There are very few studies in the literature that examine the effects of raspberry leaf on labor. A few show that women who used a tablet of the herb (not the infusion, which some herbalists would argue is much different than a tablet, i.e. capsule) had shorter “pushing” stages of labor, and less complications and interventions overall.5,6 A more recent study states in the abstract: “The efficacy of raspberry leaf is not convincingly documented. The use of raspberry leaf in pregnancy is a traditional herbal therapy and is recommended by some midwives. Due to the lack of evidence for safety and efficacy such recommendations are questionable.”7
According to the scientific model something must have measurable and repeatable results to be considered a valid scientific theory. I’m not against science, but it’s hard to argue with what generations of midwives and healers, women with deep relationships to plants, have been taught sometimes by the plants themselves. One herbalist writes, “….it’s rare for a Gypsy woman to go through pregnancy without drinking daily raspberry from time of conception and gives birth with the ease of the ‘wild vixen.’” 8 The world of herbs, like birth, is often hard to study. Herbs, like pregnant women, are vibrant living individuals. They are subjects, and not easily amenable to being an “object” of a study. It may also be that since red raspberry leaf is not available everywhere, often imported from other continents to where it is consumed, certain elements are missing in the relationship. Consuming a tablet or capsule, again, is much different than an infusion in how it is received by the body. I read one article where women were advised to take raspberry leaf in capsule form rather than the tea form if they didn’t like the taste. I would argue that taste is an important part of the relationship!
There is also much controversy and differing opinions about who should NOT take raspberry leaf regularly. Some women are told not to take it during the first trimester because it may overexcite the uterus and cause a miscarriage. Some are told to drink it in the first trimester because it will strengthen the uterus and prevent miscarriage. Some are told to avoid it if they are at risk for preterm labor, or had a previous cesarean birth, pregnant with twins, have preeclampsia or other complications where stimulating the uterus might result in preterm labor. Again, some are told it will help these conditions. It reminds me of the general recommended contraindications for prenatal massage to the abdomen. A nurturing massage therapist’s deliberate and gentle hands on your belly would never cause a miscarriage or preterm labor, (in fact, it may help you relax enough to prevent both situations), but because a miscarriage is more likely to happen in the first trimester, or preterm labor to happen with certain conditions, belly rubs are often avoided to prevent an association with the possibly undesired outcome. It comes down to practitioners’, perhaps justifiably, fears of being sued or blamed. Perhaps the same is true of red raspberry leaf.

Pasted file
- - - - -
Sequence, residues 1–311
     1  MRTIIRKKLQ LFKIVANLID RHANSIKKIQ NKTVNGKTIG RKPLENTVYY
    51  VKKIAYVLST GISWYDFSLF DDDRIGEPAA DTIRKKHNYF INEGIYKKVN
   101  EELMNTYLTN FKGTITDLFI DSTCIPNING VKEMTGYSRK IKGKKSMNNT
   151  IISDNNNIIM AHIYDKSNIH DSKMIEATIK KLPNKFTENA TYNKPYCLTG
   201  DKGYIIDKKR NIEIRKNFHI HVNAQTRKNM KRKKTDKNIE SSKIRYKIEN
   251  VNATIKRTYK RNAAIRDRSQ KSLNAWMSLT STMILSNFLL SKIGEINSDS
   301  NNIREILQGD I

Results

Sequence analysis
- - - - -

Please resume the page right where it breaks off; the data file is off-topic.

I hope this article provided some herbal food-for-thought, and that you might consider making a new plant friend on your birth journey.
- Edwards, Gail Faith. Opening our Hearts to the Wild Herbs. Woodstock, NY Ash Tree Publishing. 2000.
- Weed, Susun. Wise Woman Herbal for the Childbearing Year. Woodstock, NY Ash Tree Publishing. 1986.
- Thayer, Samuel. “Into the Wild and Other Poisonous Plant Fables” (article from foragersharvest.com)
- Romm, Aviva. Mothering Magazine. “Herbs for Pregnancy”. Jan-Feb 2008.
- Parsons M, Simpson M, Ponton T. 1999. Raspberry leaf and its effect on labour: safety and efficacy.Aust Coll Midwives Inc J 12(3):20-5
- Simpson M, Parsons M, Greenwood J, et al. 2001. Raspberry leaf in pregnancy: its safety and efficacy in labor. J Midwifery Women’s Health 46(2):51-9
- Holst L, Haavik S, Nordeng H. 2009. Raspberry leaf – should it be recommended to pregnant women? Complement Ther Clin Pract 15(4):204-8
- Parvati-Baker, Jeannine. Hygeia: A Woman’s Herbal. North Atlantic Books. 1978.